IBM addresses smart LED lighting, IoT, and Watson at LPS
The IoT combined with platforms such as IBM's Watson will enable manufacturers to transform lighting from a capex item to an opex item for their customers while enabling new applications, according to Mike Bradshaw.
The Internet of Things combined with platforms such as IBM's Watson will enable manufacturers to transform lighting from a capex item to an opex item for their customers while enabling new applications, according to Mike Bradshaw.
The LED Professional Symposium (LPS) kicked off in Bregenz, Austria on Tuesday, and as has been the case with other LED-industry events, smart lighting and the Internet of Things (IoT) took center stage. Mike Bradshaw, IBM sales leader for Watson Internet of Things, was one speaker that shared an IoT vision and the benefits that solid-state lighting (SSL) manufacturers may realize with a solid smart lighting strategy.
IBM appears to be the latest IT-industry stalwart to identify networked lighting as a prime target as a match for its systems and services. Cisco, for example, has looked at lighting as a key market that will ultimately allow the networking giant to sell more Ethernet switches and possibly services as well. We also just saw Philips announce a partnership with China's networking behemoth Huawei and we will post a news story on that deal shortly.
In IBM's case, the company that arguably founded the IT sector is looking to expand the reach of its supercomputer architecture called Watson and the cloud-networking platform that is implemented around that computational platform. Watson may be best known in the popular press for winning chess matches against masters and defeating former champions on the game show Jeopardy!. But Watson is capable of what IBM's calling the Cognitive IoT.
Also realize that this is not the first time Watson has been mentioned in relation to networked SSL. For example, late last year, IBM and PhotonStar, a UK-based LED-lighting manufacturer, partnered on a smart-lighting installation in the Munich, Germany-area Watson IoT headquarters building. Moreover, that article reported that IBM had committed to spend $3 billion over four years on the IoT division.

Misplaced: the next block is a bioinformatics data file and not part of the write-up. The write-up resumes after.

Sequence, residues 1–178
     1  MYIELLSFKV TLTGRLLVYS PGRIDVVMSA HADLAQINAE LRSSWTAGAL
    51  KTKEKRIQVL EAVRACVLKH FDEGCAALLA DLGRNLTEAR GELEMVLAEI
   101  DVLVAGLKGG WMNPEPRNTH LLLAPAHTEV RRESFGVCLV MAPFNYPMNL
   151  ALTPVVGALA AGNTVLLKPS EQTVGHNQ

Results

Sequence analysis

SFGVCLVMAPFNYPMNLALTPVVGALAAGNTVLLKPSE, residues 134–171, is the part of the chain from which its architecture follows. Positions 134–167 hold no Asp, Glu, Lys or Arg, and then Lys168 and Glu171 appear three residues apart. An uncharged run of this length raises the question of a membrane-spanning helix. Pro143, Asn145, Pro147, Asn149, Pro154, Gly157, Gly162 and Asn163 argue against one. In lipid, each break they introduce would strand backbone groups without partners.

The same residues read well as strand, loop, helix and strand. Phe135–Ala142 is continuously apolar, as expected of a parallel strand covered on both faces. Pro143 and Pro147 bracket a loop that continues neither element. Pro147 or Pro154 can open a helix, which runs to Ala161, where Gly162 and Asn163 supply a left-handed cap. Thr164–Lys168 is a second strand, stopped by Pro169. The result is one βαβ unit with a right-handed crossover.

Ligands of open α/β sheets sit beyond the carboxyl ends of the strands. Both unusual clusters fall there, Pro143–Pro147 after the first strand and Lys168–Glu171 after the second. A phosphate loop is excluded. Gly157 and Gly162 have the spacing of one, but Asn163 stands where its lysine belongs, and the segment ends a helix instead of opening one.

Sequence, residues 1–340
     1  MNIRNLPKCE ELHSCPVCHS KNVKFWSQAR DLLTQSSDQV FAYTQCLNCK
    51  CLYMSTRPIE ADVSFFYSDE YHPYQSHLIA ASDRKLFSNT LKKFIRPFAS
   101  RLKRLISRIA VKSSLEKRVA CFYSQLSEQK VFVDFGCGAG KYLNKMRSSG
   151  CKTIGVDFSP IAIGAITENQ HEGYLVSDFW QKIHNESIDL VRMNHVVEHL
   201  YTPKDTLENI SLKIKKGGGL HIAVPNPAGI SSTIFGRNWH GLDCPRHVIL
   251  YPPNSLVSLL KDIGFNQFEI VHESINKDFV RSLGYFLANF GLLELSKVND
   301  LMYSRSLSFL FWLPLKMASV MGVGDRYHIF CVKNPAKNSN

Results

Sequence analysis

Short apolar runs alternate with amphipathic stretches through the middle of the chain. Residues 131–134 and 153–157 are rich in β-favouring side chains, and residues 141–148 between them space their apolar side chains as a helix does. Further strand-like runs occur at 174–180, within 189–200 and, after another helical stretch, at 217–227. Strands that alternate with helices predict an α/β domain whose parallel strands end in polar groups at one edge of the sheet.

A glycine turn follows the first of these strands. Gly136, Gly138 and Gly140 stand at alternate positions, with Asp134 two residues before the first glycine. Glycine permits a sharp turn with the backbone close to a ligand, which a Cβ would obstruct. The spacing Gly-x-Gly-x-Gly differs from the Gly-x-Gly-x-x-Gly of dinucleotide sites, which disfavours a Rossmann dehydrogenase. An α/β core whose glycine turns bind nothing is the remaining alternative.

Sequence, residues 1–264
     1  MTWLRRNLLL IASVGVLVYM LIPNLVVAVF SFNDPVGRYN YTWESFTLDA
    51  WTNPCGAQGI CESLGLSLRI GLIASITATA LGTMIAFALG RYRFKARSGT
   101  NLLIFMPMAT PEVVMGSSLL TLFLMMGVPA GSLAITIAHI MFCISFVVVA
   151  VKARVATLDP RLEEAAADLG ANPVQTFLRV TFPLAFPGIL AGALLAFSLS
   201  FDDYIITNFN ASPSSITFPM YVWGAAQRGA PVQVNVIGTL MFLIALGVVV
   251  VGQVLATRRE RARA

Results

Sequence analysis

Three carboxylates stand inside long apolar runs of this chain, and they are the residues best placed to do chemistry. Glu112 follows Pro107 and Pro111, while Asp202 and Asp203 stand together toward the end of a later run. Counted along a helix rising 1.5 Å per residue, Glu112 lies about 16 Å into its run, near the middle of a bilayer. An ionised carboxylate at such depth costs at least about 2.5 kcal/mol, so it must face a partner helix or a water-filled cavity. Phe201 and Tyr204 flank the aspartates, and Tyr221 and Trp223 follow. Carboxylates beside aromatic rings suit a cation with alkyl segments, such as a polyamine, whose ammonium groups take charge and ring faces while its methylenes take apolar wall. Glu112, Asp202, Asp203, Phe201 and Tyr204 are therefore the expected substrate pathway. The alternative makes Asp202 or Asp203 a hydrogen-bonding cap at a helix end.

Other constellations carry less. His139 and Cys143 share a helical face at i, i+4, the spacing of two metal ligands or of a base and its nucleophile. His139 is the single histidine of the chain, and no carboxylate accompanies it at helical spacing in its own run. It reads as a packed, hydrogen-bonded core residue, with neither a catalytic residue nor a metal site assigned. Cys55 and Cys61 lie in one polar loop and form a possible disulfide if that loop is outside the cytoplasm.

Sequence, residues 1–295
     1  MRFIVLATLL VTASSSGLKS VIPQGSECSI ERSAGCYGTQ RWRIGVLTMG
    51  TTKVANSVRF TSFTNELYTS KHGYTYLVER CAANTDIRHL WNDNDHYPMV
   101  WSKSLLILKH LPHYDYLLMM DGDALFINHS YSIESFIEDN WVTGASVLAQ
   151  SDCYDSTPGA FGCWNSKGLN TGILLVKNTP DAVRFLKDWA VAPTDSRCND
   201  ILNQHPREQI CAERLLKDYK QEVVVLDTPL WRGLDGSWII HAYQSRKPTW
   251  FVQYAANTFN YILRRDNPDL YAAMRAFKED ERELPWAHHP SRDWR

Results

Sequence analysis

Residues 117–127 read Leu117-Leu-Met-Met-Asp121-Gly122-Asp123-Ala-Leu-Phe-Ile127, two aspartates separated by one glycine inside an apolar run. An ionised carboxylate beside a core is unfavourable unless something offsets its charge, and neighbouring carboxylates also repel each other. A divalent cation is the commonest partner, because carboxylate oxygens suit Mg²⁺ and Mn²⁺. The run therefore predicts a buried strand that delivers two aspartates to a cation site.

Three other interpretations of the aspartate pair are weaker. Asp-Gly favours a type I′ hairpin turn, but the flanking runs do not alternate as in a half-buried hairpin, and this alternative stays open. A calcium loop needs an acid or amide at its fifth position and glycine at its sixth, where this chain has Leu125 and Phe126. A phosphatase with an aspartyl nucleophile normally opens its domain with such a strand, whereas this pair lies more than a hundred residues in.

At the LPS, Bradshaw cautioned lighting manufacturers to not sit on the sidelines and think that they had no play in the IoT space. As an analogy, he mentioned the taxi cab industry that appeared perfectly healthy only three years ago, only to be usurped by cloud technology and the smartphone. The key technologies for Uber and Lyft had little to do with the automobile. To lighting manufacturers about their industry, he said, "If we don’t disrupt it ourselves, some young startup is going to come do it for us."
Part of the IoT justification across industries is the projection of the number of devices that will be connected to the Internet. Bradshaw said it is a moving target but some latest estimates peg it at 29 billion connected devices by 2020, up from 13 billion today. And the key to the Cognitive IoT in IBM's vision is the proliferation of sensors that allow gathering of massive amounts of data. Current, powered by GE has expressed a similar vision and targets its Predix analytics platform at such applications while acquiring companies and establishing partnerships.
Bradshaw explained the emphasis on data gathering, saying, "People don’t know what they don't know." The implication was gather the data and figure out how to make valuable use of it after the fact in new applications and services. Indeed, Bradshaw said supporting such data gathering and new applications will enable lighting manufacturers to convert their offerings from a capital expense (capex) to an operations expense (opex) enabling the end customer to pay as they use the service.
Where IBM is attempting to differentiate its play, however, is in the moniker “cognitive” that it uses to modify IoT. Bradshaw said a Cognitive IoT system is not programmed but rather learns from every interaction and the context surrounding the interaction. In the simplest case, context may just mean day versus night, outside weather, or who is in a building in addition to whether something like a light is on or off. He even said you can impact the perception of temperature, as in Fahrenheit or Celsius and not CCT, by changing the lighting.
Bradshaw gave one other interesting example of needing more sensors — say, beyond a simple occupancy sensor in a space. He said occupancy sensors tend to work fairly well when someone enters a space but may later turn off the lighting as a person sits still and works. But a cognitive system that was also connected to a CO2 sensor in the space would always know that a person is still present.
IBM has selected six specific areas in which their IoT offering could add value, especially in the context of smart lighting. Energy & Costs and Consciousness are easy to understand. And several others will ring true for anyone following the smart lighting movement. They include Health & Wellbeing, Safety & Security, Entertainment, and Convenience.